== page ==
On the back of a major championship, the field in the subsequent events are usually left wanting. After the Masters in April, only one member of the world’s top 10, Dustin Johnson, entered the RBC Heritage in the successive week.
But this week the Travelers Championship has made a strong effort to attract the world’s best following last week’s US Open. Five of the world’s top 10 are in action at TPC River Highlands this week: Justin Thomas, Jordan Spieth, Rory McIlroy, Jason Day and recently crowned winner of back-to-back US Open titles Brooks Koepka.
Spieth will be gunning for back-to-back Travelers titles having taken a win here last year after a play-off with Daniel Berger, whilst Koepka will be hoping to use his back-to-back success as momentum in a quest for a fourth PGA Tour title.
It’s seldom a major-following event is this strong in quality; it’s not another US Open this week but the field softens the blow of the fall back to Tour reality.
Those five world-top-tenners are joined further by four more from the top 20 – Patrick Reed, Paul Casey, Marc Leishman and Bubba Watson – in a strong PGA Tour field.
In all there are 50 of the US Open’s field back on the tee this week including high finishers Berger (tied sixth), Xander Schauffele (tied sixth), Webb Simpson (tied 10th), Zach Johnson (tied 12th), Russell Knox (tied 12th), Louis Oosthuizen (tied 16th), amateur Dylan Meyer (tied 20th) and Charley Hoffman (tied 20th).
Doug Ghim has made a fantastic run as an amateur including a runner-up finish at last year’s US Amateur and finishing as low amateur at the Masters (he was the only amateur to make the cut). He will make his first start since turning pro this week.
The full field can be found here.
Founded in 1952, this tournament is one of the oldest on the PGA Tour. In that time it has had nine names, three host courses and 57 different winners. These days it is the Travelers Championship, held at TPC River Highlands and Spieth is defending champion.
It was Spieth’s first ever Travelers Championship appearance last year. As Berger closed Spieth down with a final-round 67, the two went to play-off and Spieth ensured he won that in emphatic fashion.
— The Caddy’s Review (@TheCaddysReview) June 25, 2017
And from there, Spieth went on to win The Open Championship at Royal Birkdale in his next start. A good omen, to say the least.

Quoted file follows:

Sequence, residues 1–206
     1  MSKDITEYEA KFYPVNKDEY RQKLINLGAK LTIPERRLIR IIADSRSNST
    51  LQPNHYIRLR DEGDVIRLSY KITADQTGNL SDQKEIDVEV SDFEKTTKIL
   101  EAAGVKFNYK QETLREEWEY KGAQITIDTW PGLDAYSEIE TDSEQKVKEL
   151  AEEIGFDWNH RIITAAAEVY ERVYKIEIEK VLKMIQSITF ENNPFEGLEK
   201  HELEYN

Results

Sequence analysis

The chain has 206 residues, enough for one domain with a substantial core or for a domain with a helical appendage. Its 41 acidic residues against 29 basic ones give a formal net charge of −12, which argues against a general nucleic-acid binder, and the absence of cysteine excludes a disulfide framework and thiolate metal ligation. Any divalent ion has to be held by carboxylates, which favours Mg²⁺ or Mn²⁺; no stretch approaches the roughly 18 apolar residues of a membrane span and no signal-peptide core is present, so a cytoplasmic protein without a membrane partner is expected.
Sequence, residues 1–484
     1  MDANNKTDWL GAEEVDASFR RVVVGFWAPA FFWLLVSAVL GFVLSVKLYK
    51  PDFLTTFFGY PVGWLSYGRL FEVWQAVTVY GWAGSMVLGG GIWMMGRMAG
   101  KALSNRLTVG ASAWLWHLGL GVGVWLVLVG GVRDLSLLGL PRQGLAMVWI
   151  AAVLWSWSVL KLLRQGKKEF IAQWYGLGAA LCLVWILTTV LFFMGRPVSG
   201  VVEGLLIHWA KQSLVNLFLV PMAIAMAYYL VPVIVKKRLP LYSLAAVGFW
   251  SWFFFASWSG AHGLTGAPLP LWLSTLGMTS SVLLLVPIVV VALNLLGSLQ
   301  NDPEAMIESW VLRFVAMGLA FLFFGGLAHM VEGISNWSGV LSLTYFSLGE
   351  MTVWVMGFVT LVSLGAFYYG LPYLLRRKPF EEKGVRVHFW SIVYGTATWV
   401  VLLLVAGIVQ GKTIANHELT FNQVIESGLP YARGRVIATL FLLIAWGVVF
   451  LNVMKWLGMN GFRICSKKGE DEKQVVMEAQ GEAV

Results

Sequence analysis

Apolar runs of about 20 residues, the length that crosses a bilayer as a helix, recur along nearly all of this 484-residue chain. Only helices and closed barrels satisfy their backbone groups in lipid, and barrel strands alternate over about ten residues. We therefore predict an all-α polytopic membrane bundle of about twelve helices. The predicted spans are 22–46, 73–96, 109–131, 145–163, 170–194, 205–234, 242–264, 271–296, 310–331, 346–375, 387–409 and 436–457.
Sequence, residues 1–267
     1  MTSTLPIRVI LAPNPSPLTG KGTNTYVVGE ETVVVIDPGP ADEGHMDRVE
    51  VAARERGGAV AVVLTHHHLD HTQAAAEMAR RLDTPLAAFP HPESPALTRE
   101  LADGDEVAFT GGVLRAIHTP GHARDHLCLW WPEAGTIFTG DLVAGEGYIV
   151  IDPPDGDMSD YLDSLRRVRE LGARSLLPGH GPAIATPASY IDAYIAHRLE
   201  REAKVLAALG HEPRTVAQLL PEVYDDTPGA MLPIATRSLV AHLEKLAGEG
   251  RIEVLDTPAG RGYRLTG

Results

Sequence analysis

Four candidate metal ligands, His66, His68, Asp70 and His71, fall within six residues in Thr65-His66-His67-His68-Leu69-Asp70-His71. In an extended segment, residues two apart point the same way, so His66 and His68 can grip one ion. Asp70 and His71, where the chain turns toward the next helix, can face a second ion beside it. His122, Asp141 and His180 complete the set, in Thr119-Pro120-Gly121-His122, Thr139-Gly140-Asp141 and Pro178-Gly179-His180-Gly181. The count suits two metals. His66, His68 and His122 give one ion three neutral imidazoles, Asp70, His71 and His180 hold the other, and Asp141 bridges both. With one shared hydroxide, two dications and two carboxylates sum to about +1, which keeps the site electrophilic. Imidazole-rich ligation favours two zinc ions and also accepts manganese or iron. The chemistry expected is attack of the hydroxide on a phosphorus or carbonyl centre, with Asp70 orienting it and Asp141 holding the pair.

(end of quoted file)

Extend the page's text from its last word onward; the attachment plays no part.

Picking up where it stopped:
Alongside Spieth, Knox (2016), Watson (2010 & 2015), Kevin Streelman (2014), Ken Duke (2013), Leishman (2012), Stewart Cink (1997 & 2008), Hunter Mahan (2007) and J. J. Henry (2006) are all past winners at TPC River Highlands who will go again this week.
And River Highlands has been host since 1991 and in that time has proved a varying challenge for the players. Kenny Perry’s 2009 win was at 22-under-par yet Spieth and Berger only made it to 12-under in last year’s outing.
But yet, the 18-hole course record here is also the PGA Tour’s 18-hole record. A 10-birdie, one-eagle 58 from Jim Furyk in 2016 became the lowest score ever shot in a professional event; unsurprisingly, he hit all 18 greens in regulation.
What this course does usually forge is a close competition. The past seven outings have been settled by a single shot or play-off.
It’s actually a very accessible 6841-yard par 70, as alluded to by Furyk’s 58 and the previous record 60 set by Patrick Cantlay aged just 19 in 2011. There aren’t many shorter courses on Tour but holes 15 through 17 do pose grave danger with water in-play throughout.
Given the short nature of the course, driver is infrequently the best choice off the tee. Over 50% of drives fall under 280 yards at this place; distance is not necessary round this track. The main challenge facing the players is tricky pin positions and punishing rough around the green. Hitting greens in regulation is almost a must if you want a good score. Hit all 18 and 58 is possible.
The prize-fund has risen $0.2m every year since 2014 and that is the case again this year. Up from $6.8m, the tournament has broke the $7m mark for the first time just six years after it sat at only $6m. $1.26m of that is for the winner to accompany the champion’s standard 500 FedExCup points.
The first round tees off on Thursday morning in Cromwell, Connecticut.